December 30, 2012; Denver, CO, USA; Kansas City Chiefs quarterback Brady Quinn (9) leaves the field after the game against the Denver Broncos at Sports Authority Field at Mile High. The Broncos won 38-3. Mandatory Credit: Chris Humphreys-USA TODAY Sports

How Bad is Brady Quinn?

This season, and in reality over the last few years, the Seattle front office has been making so many prudent transactions that it’s beginning to approach infallibility in the eyes of many fans. With the recent signing of Antoine Winfield, on a very reasonable contract, the legend of John Schneider grows further. It is not my goal to discredit the Seahawks GM because I agree with most of the praise he has been getting wholeheartedly. Perhaps for that very reason my standards for this front office have reached unreasonable levels, but alternatively I think that each transaction can be evaluated for its merits in isolation.

With this in mind I find the Seahawks signing of Brady Quinn both puzzling and problematic. In a perfect world Brady Quinn will never take a snap for the Seattle because Russell Wilson will be durable or, preferably, invincible. However, football is a violent game where injuries are common and as a result it is important to have quality depth, especially at the game’s most important position. Brady Quinn is not quality depth. I’d go so far as to say that Brady Quinn isn’t an NFL caliber quarterback. I don’t know if the Seahawks believe that they can unlock some hidden potential in Quinn but he turns 29 this year so you can color me skeptical.

Here is a look at Brady Quinn’s careers stats:

Games Started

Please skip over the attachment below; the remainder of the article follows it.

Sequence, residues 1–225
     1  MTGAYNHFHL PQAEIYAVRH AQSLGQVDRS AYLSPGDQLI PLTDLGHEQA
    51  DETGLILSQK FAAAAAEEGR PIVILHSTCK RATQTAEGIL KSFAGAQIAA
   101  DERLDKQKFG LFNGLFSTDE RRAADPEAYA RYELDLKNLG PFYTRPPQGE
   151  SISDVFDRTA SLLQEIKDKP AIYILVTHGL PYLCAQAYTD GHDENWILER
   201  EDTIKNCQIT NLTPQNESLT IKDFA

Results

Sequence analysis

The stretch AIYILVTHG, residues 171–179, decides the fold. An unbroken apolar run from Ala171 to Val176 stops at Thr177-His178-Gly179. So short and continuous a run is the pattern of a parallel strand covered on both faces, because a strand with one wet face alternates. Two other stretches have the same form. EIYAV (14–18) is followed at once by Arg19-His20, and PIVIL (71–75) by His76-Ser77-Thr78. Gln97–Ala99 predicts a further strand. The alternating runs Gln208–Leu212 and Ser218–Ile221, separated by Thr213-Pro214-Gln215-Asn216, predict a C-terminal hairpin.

Record

Yards

TD

INT

Yards per Attempt

Passer Rating

TD%

INT%

Completion %

20

4-16

3043

12

17

5.5

64.4

2.2

3.1

53.6

I know that the win-loss record is a bit of an unfair way to evaluate quarterbacks but it helps paint a picture of Quinn’s relatively legendary ineptitude. Things do not look rosier when we delve into some of the more advanced statistics. Keep in mind that for every statistic in the table below, 100 is the league average.

Yards per Attempt+

TD%+

INT%+

Completion%+

Sack%+

Passer Rating+

71

78

95

78

91

76

 

Quinn approaches adequacy when it comes to avoiding sacks and interceptions but proves woeful in all other facets of quarterbacking. Quinn is mildly athletic, having rushed for 4.2 yards per carry and 7.7 yards per game in his career but he can’t run the read-option. It’s not as if he’s a grizzled veteran that has some kind of unique perspective to offer in the locker room (if you are the type who thinks that sort of thing matters).  Quinn also did not make great strides last year which might have suggested he would improve on his career numbers in the future. His QBR in 2012 was 27.4 (average is 50), a career low and good for 35th in the NFL. (Only 39 quarterbacks threw enough passes to qualify.)

I wish I had some profound insight to add here. All I have to say is that Brady Quinn is an abysmal NFL quarterback and I can only hope that John Schneider finds someone better in the draft or that Josh Portis can step into the backup role. Usually, whether I agree or not, I can find the logic in the transactions made by the Seahawks’ front office, but this time I’m dumbfounded.

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